The premise of Facing The Music screamed of “Cliché” but it didn’t stop me from hitting the request button. The thing with this book is that the synopsis has reminded me of Taylor Swift and how she uses her music to vent out her anger for her ex-boyfriends. Plus, I have this crazy fascination about characters that use their musical talents to ruin their exes. If you have read Tracey Martin’s Another Little Piece of My Heart, then it has the same premise with this one. I enjoyed Martin’s work but it needed more polishing so I was hoping that Facing The Music will deliver. Well, it did and it didn’t.
How so? All was well and good until the reconciliation part. Basically, Taylor Swift Ivy Hudson became an international Rock Star after she released her first song, Size Matters, a single that clearly conveyed her contempt for her asshole of an ex-boyfriend. While the song propelled Ivy’s career to the top, it did the opposite to Blake’s.
There was nothing new when they met again as it followed the same lines of those other romance stories about exes meeting again. Drama was aplenty but there was humor and some thought-provoking issues here. These two can sometimes save a story from flopping completely. And this is what happened with Facing The Music.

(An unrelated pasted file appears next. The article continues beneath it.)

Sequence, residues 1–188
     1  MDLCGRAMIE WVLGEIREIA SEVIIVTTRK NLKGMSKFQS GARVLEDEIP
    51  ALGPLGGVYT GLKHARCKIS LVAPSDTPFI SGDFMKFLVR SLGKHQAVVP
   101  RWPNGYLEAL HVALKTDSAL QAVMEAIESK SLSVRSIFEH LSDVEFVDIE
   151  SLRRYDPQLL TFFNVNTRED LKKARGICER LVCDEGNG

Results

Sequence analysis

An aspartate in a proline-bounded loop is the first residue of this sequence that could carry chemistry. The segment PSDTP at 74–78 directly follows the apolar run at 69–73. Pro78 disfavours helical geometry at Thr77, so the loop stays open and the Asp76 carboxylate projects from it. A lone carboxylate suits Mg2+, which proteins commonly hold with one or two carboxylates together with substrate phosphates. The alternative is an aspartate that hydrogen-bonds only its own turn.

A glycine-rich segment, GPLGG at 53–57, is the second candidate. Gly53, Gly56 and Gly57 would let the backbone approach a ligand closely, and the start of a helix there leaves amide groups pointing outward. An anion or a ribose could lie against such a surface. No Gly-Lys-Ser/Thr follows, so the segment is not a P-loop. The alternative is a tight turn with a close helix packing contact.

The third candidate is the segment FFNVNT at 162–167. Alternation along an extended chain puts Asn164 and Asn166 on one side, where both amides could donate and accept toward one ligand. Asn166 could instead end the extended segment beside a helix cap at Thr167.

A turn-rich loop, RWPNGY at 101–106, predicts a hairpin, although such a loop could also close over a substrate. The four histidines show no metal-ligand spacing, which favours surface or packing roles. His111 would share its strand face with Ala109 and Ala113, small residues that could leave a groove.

Facing The Music made me wonder whether I would resort to what Ivy did if any of my exes cheated on me. The story of this book certainly revolved around the “Hell hath no fury like a woman scorned” saying. Naturally, I expected that the reconciliation part is going to be mindblowing or at least, realistic considering the kind of damage Ivy has inflicted to Blake’s life. What I got instead is a hastily done resolution and the next thing I know, our characters are already kissing and eventually, having sex. I am not a relationship guru but these people have been hurting for over 6 years and just like that, they magically made up? I am at a loss for words. @_@
And then, here comes another conflict which didn’t actually help the plot evolve but rather it made things redundant. Please, the story is already clichéd enough as it is, why not seek for a new avenue to keep the story going?
The characters were likable enough. They acted true to their age and owned up their mistakes. I must say that Blake has impressed me in the end as he really matured from being a jerk to someone who is worth rooting for.
I’m so close to giving Facing The Music a 2-star rating but luckily, I had fun reading it. The characters and the picturesque setting, Rosewood, were also additional reasons why this book managed to scrape a passable rating and possibly, a follow from me. To conclude, if you are looking for a quick fix to your contemporary cravings, then consider picking up this one.